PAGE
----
Erased: animism and pantheism and synchretism, the elemental and elements that are more than two (we’re now too used to seeing them individually—fire/not—or in simplified pairings—fire/ice—minus any “song” aspect), The Seven, cultural layerings, weirwood-networking, belief, thought, motivation, reason, character, character-arc, and any life of the mind.
Disappeared: play and games. Dumbed down into a mean cartoonish stereotype of teenage-boy incel gaming cruelty (I blame marketing departments chasing viewer numbers).
Bring back allegory.
I‘m still holding out for fanfic “Winter Is Coming” continuations in cyclical seasons—including cataclysm & remaking—as a character who is currently or soon to be dead reveals herself to be Persephone, Queen of the Dead, when she rises from the deep on a kraken. Or as The Kraken. I was thinking post-Lovecraft New Weird. Thinking Neil Gaiman / China Miéville / Charlie Stross here. I was also thinking about the missing elements and elementals, of splitting ice and fire back into solid/earth and water and fire and air, of cataclysm by earthquake and flood. A Cthulhucene deus ex machina would be as verisimilitudinously appropriate as everything else we’ve seen so far.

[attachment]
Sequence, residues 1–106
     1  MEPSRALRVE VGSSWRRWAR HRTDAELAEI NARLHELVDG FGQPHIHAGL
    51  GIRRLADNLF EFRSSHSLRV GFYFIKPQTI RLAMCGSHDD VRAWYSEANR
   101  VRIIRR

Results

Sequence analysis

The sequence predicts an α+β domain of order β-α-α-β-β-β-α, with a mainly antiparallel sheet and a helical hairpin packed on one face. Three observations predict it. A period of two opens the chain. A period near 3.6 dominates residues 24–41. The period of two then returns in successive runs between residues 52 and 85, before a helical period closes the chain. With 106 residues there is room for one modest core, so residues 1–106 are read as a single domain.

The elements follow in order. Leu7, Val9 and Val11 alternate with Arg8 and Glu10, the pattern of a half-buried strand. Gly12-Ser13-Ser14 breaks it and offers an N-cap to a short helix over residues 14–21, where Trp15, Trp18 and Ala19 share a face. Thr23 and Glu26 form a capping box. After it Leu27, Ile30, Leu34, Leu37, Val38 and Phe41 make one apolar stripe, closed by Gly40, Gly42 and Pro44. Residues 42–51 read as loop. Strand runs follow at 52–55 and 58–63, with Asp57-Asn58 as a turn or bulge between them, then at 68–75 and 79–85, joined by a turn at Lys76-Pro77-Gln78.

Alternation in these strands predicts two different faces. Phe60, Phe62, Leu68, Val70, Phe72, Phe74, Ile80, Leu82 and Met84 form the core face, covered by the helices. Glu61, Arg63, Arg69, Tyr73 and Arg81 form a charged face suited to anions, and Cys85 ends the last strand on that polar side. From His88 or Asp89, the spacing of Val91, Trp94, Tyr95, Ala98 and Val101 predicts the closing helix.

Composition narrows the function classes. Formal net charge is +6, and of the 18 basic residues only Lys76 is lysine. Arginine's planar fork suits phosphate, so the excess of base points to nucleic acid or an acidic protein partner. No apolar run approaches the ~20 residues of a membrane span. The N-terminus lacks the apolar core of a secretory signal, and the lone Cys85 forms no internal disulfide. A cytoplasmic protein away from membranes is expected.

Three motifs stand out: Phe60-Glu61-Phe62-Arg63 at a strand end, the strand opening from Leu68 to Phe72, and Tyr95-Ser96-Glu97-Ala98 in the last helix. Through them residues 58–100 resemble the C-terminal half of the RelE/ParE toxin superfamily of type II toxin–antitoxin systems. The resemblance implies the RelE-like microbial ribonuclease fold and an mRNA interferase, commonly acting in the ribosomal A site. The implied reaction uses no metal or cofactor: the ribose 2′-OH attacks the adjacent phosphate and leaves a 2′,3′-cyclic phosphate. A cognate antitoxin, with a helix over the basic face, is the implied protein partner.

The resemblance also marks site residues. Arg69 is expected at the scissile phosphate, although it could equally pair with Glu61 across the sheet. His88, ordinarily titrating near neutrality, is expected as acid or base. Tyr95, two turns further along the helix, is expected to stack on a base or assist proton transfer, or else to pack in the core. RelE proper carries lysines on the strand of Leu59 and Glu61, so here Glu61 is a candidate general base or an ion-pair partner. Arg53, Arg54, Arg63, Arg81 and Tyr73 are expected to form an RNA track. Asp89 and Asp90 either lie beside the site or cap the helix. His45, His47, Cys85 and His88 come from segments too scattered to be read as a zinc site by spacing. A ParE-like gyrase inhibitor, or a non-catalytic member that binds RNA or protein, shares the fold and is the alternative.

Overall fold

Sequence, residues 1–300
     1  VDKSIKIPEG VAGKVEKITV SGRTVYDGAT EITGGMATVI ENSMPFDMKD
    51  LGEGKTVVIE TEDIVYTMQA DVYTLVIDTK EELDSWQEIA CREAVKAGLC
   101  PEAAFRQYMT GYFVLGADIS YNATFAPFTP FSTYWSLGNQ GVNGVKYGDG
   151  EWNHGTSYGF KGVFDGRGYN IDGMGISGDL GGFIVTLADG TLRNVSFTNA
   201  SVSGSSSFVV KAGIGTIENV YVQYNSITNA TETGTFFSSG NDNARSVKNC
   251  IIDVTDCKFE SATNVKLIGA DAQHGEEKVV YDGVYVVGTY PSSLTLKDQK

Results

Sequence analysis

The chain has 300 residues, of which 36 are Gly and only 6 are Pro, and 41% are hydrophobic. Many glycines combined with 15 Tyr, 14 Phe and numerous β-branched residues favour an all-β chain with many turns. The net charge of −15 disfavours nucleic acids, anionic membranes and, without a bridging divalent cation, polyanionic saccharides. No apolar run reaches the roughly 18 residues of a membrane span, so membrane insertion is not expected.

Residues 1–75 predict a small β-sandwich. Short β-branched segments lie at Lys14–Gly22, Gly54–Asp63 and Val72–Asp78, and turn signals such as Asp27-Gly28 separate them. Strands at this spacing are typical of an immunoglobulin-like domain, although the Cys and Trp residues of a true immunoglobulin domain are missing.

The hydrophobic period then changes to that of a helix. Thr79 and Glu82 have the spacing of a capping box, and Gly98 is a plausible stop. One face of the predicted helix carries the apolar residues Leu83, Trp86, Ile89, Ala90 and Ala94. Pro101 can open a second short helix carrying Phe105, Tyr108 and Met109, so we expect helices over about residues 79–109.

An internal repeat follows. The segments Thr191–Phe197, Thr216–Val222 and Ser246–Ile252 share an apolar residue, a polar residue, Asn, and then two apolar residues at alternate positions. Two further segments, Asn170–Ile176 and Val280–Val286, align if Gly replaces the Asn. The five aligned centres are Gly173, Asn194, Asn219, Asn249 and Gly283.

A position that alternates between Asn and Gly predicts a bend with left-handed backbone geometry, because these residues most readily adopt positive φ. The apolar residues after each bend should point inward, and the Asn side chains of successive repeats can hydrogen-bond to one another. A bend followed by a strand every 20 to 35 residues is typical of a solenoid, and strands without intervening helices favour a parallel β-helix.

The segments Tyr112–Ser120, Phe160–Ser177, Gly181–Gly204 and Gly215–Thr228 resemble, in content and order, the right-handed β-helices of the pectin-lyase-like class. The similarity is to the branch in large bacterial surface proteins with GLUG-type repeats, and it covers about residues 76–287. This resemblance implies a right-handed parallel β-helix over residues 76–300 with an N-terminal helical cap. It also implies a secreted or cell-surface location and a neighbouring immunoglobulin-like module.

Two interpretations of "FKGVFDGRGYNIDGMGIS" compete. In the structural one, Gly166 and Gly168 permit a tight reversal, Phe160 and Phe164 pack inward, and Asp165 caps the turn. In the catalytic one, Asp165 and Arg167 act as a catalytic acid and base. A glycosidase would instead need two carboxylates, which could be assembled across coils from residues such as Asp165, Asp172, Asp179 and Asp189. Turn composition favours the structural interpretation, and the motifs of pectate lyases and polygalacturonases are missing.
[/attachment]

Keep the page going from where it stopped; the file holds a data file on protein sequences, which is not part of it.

Alternatively, I’d like to see a last episode that ironically plays on this series’ increasing idiocy; framing that as a deliberate stratagem, reminding us about the “play” element in a “game,” bringing satire back. Metatextual critical commentary on contemporary media, entertainment, culture, and political life. Doing something clever about heartlessly manipulating an audience and audience expectations, and what that means. Reminding us of what was, back at the beginning; what has been lost, and forgotten, and how easily we’ve all moved on so as to move with the times. “Game of Thrones” could be an adaptation about adaptation, and deeply ethically so, and that could be what is most disturbing about it. Deliberate, deliberating, and liberating.
What to do next? For example, and as before to fit in with how long cyclical episodic narrative works: the last episode could reveal, as cheesily and TV-intertextually as possible, that it was all just a dream.
Then we could have a Season 9, centred on the Dothraki, Unsullied, and Dornish (and wolves); written and directed by someone competent. An N.K. Jemison / Ava DuVernay pairing would be nice.